by Luke Gittos
The moneyed student from the Chinese University of Hong Kong, who had traveled across two continents to have his wedding photograph taken on Tower Bridge, felt the thud run through his vibrating bride and into his shoulder, like the marbles on string which swung on his desk in his dorm. He saw the flash of the runner’s lycra and heard, for a moment the treble bleeding from his earphones as he ran past. The boy shouted to his photographer to take the photo again.
The Peruvian mother, away abroad having saved the money freed up from the absence of her children, held her Iphone up and smiled into the screen. Behind her, St Pauls framed her face like she had imagined. As she pressed capture, she saw colour in the back of the screen blocking out the Cathedral’s magisterial dome. She turned her head to watch the runner continue towards the Tower of London. He now lived as a blur in her phone memory. When she raised the camera again and smiled, she realised the runner had not reached the other side, but was stood looking at her, like he was waiting for her to take the photograph again.
Photograph after photograph was ruined by the runners. They would stop and stretch for twenty minutes, moving with a photographer’s lens. They would throw spit over their shoulder landing too conveniently on tourist faces. They would star jump inches in front of embracing couples, staring straight into their eyes like the intense third person in a ménage a trois. When the tourists stopped coming, they turned to the boats, and when their running passage was prevented by the raising of the bridge, they would gather dog waste in wheelbarrows and use the strength of their legs to propel them up the almost vertical road to tip the wheelbarrow onto the passing ship. The open-top cruise trade in London suffered, and was then redundant.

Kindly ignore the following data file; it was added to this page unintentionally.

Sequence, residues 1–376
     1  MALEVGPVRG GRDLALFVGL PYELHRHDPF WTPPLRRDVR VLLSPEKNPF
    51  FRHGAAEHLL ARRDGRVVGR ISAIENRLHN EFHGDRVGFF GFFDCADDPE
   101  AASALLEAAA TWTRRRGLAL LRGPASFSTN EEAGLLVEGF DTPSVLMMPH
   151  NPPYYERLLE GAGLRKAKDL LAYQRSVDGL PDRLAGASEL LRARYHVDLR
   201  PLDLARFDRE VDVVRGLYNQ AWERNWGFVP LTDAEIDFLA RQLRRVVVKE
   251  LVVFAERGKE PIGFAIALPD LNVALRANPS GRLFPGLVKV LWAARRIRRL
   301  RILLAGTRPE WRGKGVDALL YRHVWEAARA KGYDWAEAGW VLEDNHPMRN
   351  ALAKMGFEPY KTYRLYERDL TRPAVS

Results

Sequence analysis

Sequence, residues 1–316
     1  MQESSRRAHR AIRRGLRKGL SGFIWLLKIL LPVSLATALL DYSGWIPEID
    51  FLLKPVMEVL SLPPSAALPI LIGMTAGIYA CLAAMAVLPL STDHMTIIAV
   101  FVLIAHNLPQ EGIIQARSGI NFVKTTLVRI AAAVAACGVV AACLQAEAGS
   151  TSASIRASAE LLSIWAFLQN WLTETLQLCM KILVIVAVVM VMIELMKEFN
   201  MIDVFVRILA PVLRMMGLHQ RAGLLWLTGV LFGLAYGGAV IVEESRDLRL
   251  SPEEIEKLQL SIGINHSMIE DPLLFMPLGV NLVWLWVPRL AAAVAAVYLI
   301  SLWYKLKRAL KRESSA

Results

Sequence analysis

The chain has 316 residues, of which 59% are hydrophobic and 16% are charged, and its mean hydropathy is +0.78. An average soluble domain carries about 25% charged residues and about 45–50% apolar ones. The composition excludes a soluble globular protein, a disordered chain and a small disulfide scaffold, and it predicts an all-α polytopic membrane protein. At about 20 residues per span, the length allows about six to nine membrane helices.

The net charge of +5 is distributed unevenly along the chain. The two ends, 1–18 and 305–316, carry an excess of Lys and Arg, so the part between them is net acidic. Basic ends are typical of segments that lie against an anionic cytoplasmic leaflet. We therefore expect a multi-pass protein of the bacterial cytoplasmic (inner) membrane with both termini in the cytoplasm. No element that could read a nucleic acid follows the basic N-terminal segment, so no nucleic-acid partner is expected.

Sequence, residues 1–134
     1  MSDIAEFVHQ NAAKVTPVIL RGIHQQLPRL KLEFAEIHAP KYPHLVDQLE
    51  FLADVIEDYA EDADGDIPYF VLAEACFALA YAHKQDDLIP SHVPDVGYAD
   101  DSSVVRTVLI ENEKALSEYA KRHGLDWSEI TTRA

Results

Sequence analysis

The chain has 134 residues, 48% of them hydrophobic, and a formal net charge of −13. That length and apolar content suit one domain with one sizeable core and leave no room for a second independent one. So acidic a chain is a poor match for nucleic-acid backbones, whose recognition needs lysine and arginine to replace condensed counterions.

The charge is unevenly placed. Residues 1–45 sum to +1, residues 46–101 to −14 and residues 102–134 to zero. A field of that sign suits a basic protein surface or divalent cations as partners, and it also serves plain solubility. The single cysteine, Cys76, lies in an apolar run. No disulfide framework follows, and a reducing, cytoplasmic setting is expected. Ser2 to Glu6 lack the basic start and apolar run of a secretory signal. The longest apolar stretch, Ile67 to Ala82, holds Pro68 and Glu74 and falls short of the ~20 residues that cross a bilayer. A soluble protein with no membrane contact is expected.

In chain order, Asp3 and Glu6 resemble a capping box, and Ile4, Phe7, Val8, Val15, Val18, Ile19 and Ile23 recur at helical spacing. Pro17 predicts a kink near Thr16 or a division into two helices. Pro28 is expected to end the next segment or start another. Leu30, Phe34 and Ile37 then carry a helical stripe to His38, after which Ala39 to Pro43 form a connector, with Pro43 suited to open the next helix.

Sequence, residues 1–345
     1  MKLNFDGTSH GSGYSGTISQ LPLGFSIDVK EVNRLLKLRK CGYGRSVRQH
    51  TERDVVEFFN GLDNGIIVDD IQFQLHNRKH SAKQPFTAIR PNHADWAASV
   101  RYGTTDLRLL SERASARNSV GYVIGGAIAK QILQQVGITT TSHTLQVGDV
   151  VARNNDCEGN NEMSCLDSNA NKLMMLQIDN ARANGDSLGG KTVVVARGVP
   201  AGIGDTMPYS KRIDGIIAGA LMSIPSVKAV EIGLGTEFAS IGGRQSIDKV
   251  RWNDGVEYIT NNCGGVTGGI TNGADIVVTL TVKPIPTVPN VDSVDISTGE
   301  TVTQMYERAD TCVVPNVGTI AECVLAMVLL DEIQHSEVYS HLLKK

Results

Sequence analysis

Soon, the Bridge was only used for running. No one came to start their adult memories, there were no more formative moments. There was only feet pounding on the bridge surface. In time, the feet wore away the iconic beige and blue bones of the bridge, and the crossing collapsed into the Thames.
Now, Tower Bridge is two erections of rubble. Where there was a connection, now there is a gap. Tourists stay away from the area, preferring photographs by any other Bridge. The runners stick to one side of the river, unafraid of the thud of their own heartbeat, unapologetically alone. They know their victory, primed, refreshed. Their exhaustion lifts their heads to the sky, striving for a personal best.
Luke Gittos is a writer and runner from London.